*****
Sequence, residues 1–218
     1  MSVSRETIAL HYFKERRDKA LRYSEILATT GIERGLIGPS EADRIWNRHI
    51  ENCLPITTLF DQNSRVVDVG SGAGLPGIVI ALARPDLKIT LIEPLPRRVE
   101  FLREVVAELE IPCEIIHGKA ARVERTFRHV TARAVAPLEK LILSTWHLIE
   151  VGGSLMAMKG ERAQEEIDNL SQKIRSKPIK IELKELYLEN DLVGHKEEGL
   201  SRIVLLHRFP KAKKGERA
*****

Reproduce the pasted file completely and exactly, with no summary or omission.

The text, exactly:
Sequence, residues 1–218
     1  MSVSRETIAL HYFKERRDKA LRYSEILATT GIERGLIGPS EADRIWNRHI
    51  ENCLPITTLF DQNSRVVDVG SGAGLPGIVI ALARPDLKIT LIEPLPRRVE
   101  FLREVVAELE IPCEIIHGKA ARVERTFRHV TARAVAPLEK LILSTWHLIE
   151  VGGSLMAMKG ERAQEEIDNL SQKIRSKPIK IELKELYLEN DLVGHKEEGL
   201  SRIVLLHRFP KAKKGERA